I am an Inverted Product Manager (PM): success is determined by the things that don’t happen. There are other PMs that, like me, fight spam and abuse. Here is how my job differs from a “traditional” PM, and how it does not.
Before joining Google, I had a start-up where we created a web-based OKR (Objectives and Key Results) tool when OKRs weren’t cool yet. Our goal was to create value for customers and we looked at metrics that followed that outcome: Daily activities, usage of features, revenue movements in the funnel etc. Success would be when one of these metrics would go up (brushing off some details I know). But then I joined Google in a new role and everything changed
At Google, I joined the “Hijacking” team. This team protects Google’s billions of users against account take-over. Behind the scenes they keep all of us that have a Google account safe from criminals, mischievous people and abusers that are out to give us a bad day. Like me there are many others PMs: those that stop all the spam from getting in your inbox, those who keep bad content off the web, those that prevent criminal goods from being sold on the web, those that design products to keep our infra online etc. All at the scale of billions. Over the last 6 years, I’ve learned that the job of the PM in this space is really different from the PM role I was doing before.
The inverted PM
Our success is determined by the things that don’t happen: the account that doesn’t get hijacked, the article or review that never gets posted, the picture that doesn’t spread, the spam that isn’t delivered to your inbox or the server that doesn’t go down. We drive graphs down, our success is “Inverted”, we are “inverted PMs”. So here are 6 key differences between being an Inverted PM and a traditional PM (if that even exists ;-).
Your persona is different: “It’s the user and the abuser”
At least in my case I have to deal with a multi-sided problem. My main focus of course are my users. I try to keep the good users in their accounts while keeping the hijackers out. But hijackers are also my users. I need to figure out how they think, at scale, and then release features and policies to keep them out of my users’ accounts while not inconveniencing the users too much. You might say that other PMs have a similar multi-sided-ness like in market places and you would be right. In our case however, the two kinds of users actually don’t mutually benefit each other, it’s inverse.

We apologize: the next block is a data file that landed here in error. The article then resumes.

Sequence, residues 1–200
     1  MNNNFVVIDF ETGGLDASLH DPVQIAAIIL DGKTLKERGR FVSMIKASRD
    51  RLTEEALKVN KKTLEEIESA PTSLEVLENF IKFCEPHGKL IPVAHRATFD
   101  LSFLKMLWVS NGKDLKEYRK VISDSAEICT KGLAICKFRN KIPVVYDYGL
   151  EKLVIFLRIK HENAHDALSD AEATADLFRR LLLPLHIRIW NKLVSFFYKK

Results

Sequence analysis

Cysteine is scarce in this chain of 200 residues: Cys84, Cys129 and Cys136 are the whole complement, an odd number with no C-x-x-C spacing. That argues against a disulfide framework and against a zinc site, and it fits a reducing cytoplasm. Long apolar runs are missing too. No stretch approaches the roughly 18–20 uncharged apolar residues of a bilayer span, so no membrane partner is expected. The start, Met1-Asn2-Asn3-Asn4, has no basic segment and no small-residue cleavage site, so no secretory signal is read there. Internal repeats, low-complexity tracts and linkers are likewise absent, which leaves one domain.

You strategize differently: “Your problem is adversarial”
The inverted PM “fights” badness. But behind this badness are always other humans. It means that as you launch protections, these malicious actors also adapt and find ways back in. Your problem is adversarial, you can never fully close it. You need to be comfortable with this ongoing “battle” against the badness you fight. It also means you can’t strategize like a traditional PM looking at user needs. You can’t decide that you want to “Become the leader in category X” or “increase customer satisfaction by Y” etc. You can however, like a traditional PM, prioritize the features and policies that you think will have the biggest impact on the problem you are trying to solve.
You measure differently: “The Invisible Line”